Friday, January 11, 2008

FAA History Lesson -- January 11

From the FAA Historical Chronology, 1926-1996...

”Jan 11, 1985: Ralph Nader's Aviation Consumer Action Project made public a study claiming that FAA had underreported near midair collisions (NMACs) for 1983 and 1984 (see Oct 18, 1984). FAA acknowledged that discrepancies existed and stated that procedural changes would ensure more accurate NMAC statistics in the future. On Apr 19, 1985, FAA released data showing a rise in NMACs for the first quarter of 1985. The agency stated that the increase reflected improved statistical procedures and renewed emphasis on pilot reporting of the incidents.

In June, Georgetown University Dean Ronald L. Smith began an audit of the new NMAC reporting system. In findings announced by FAA on Dec 3, Dean Smith judged the system to be working well and found no evidence of earlier deliberate suppression of NMAC reports. Meanwhile, media attention to the NMAC issue heightened due to two such incidents in the national capital area on Jun 9 and Sep 24, 1985.

In Oct 1985, NTSB Chairman James Burnett told Congress that the Board was very concerned about a trend toward increased NMACs. On Apr 14, 1986, FAA stated that reported NMACs for 1985 had totaled 777 (a figure later revised to 758), as compared to 589 for 1984. Commenting that the 1985 statistics were based on improved methods, FAA Administrator Engen pointed to the agency's efforts to reduce NMACs, including the establishment of Airport Radar Service Areas (see Dec 22, 1983) and the "Back to Basics" program (see Oct 10, 1985). Engen also stated that special working groups were studying the problem of potential collisions on the ground, termed "runway incursions."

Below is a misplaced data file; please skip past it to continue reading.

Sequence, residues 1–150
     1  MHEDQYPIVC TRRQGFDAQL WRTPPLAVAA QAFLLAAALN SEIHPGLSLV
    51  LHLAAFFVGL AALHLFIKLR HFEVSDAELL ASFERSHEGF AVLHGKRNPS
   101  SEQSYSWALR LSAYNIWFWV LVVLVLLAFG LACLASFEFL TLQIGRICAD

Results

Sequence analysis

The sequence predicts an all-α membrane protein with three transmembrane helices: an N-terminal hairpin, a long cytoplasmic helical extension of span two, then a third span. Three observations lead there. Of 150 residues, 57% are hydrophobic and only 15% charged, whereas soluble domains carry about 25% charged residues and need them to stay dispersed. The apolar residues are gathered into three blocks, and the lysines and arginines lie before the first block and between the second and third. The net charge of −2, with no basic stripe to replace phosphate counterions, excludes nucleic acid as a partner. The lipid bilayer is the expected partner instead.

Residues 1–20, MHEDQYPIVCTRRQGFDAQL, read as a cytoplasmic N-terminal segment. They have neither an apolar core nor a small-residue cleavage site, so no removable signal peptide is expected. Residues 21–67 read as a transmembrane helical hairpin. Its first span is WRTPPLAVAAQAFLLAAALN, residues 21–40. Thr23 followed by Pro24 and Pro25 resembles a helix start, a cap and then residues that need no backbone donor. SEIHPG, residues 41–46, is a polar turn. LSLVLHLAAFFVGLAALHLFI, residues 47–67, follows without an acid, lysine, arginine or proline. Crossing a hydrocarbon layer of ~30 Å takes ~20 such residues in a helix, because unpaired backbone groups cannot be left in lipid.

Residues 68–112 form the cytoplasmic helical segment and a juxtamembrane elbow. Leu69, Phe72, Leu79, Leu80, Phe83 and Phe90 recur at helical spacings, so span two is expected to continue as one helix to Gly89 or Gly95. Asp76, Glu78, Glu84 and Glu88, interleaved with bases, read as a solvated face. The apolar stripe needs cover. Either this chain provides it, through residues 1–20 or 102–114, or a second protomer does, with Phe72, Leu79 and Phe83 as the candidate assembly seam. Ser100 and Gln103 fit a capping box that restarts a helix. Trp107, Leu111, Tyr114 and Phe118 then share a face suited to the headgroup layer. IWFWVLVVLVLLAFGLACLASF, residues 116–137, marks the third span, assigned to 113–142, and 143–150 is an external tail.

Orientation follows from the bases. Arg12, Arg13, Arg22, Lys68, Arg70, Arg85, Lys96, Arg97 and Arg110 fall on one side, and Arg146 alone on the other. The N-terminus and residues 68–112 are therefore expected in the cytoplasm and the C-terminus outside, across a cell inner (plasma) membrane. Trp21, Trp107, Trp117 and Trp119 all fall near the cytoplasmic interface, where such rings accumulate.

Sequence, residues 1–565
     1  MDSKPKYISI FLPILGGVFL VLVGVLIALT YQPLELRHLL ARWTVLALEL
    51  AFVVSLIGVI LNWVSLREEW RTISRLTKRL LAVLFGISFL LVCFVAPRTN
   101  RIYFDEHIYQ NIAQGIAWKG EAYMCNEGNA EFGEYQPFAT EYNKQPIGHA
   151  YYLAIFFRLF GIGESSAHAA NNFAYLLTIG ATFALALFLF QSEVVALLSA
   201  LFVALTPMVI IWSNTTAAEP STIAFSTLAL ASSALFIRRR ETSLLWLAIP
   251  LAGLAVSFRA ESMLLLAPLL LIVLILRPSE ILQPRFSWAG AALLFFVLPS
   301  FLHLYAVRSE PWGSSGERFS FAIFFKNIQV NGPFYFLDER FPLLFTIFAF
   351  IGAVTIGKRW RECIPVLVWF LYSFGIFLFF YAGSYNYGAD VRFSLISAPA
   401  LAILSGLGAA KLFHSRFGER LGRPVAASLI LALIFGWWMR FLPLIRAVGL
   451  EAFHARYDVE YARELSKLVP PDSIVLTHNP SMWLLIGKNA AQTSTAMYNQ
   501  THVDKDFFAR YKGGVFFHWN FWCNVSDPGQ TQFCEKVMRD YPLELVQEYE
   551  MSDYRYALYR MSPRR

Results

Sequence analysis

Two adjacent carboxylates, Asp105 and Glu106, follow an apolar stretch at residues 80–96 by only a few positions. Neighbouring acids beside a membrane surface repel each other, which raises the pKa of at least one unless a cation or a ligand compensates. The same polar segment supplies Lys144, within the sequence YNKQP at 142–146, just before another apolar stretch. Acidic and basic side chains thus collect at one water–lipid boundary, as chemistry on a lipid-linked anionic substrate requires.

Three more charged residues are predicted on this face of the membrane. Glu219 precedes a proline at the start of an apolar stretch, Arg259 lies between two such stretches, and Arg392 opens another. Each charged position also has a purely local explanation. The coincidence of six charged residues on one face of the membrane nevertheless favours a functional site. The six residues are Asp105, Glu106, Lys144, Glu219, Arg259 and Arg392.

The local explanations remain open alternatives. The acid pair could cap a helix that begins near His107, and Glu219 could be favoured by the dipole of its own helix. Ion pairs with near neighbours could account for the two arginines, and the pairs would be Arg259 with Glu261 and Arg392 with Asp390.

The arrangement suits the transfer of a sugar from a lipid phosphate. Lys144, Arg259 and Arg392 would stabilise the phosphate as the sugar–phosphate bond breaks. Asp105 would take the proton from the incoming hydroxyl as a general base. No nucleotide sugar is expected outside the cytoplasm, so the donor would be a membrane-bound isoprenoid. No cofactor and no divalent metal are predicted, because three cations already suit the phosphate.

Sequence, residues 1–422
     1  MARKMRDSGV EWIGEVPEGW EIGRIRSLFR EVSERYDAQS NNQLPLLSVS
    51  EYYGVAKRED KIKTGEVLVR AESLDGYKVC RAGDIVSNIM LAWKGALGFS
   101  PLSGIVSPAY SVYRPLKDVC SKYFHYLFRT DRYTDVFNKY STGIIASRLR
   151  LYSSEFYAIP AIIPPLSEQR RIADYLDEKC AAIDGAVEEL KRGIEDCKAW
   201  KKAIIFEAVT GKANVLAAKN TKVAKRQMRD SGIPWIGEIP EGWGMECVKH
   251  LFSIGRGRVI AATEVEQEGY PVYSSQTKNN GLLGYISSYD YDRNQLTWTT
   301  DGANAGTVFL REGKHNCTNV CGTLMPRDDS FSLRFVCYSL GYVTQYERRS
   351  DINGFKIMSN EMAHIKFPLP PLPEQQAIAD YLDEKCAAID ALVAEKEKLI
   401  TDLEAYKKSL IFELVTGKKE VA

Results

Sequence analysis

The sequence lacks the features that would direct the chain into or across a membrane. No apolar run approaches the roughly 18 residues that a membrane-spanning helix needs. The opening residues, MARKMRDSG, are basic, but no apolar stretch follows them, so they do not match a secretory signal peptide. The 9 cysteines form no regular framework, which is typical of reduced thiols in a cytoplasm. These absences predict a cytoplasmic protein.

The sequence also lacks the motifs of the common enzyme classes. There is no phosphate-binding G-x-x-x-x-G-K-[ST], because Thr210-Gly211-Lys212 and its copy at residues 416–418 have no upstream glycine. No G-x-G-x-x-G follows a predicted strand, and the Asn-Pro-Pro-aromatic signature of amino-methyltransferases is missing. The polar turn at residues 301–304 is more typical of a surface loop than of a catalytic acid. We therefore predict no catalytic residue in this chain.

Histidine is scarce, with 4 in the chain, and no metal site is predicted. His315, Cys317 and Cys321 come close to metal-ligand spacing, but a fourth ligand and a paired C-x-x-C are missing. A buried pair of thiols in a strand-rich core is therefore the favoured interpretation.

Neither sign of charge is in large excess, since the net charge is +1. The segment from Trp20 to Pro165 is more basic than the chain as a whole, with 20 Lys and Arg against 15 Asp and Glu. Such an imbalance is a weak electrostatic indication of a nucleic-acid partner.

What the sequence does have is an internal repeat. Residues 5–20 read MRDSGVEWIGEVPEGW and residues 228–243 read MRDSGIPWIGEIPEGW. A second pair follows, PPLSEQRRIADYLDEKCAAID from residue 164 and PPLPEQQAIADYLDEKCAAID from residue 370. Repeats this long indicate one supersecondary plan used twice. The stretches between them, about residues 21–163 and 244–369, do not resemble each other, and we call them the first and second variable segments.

FAA later issued the following statistics: 840 NMAC reports in 1986; 1058 in 1987; 710 in 1988; 550 in 1989; 454 in 1990; 348 in 1991; 311 in 1992; and 293 in 1993. “

(edited for clarity and emphasis)

I told you I’ve been down this road once or twice before. (Thanks Jerry Jeff)

Now, what was Ms. Brown (no relation) -- the FAA spokesperson -- saying in response to NATCA raising the alarm ?

” FAA spokeswoman Laura Brown said fatal air accidents have declined to record low levels and said FAA measurements show reductions in serious errors.”

That is just casual enough where you almost miss the weasel words isn’t it ? Writers don’t miss them. When you’re trying to cram a lot of detailed information into a little bit of space -- yet remain accurate -- you learn a lot about weasel words. ”Fatal air accidents” ? What the heck is that ? Accidents in the air ? Or does it include this kind ? I know I’m supposed to interpret it as “aviation accidents” but that isn’t what it says is it ? It doesn’t even say “air accidents.” It says fatal air accidents. Does that mean the non-fatal ones have declined too ? I’m guessing the questionable “FAA measurements show” is obvious by now.

It’s almost enough to make you miss the fact that NATCA is talking about the present and future -- we’re short of controllers now and it will get worse in the future -- and Ms. Brown is trying to get you to look at the past.

What a coincidence. So am I.

” In Oct 1985, NTSB Chairman James Burnett told Congress that the Board was very concerned about a trend toward increased NMACs.

August 31, 1986 --- Cerritos, California mid air collision.

Don Brown
January 11, 2008

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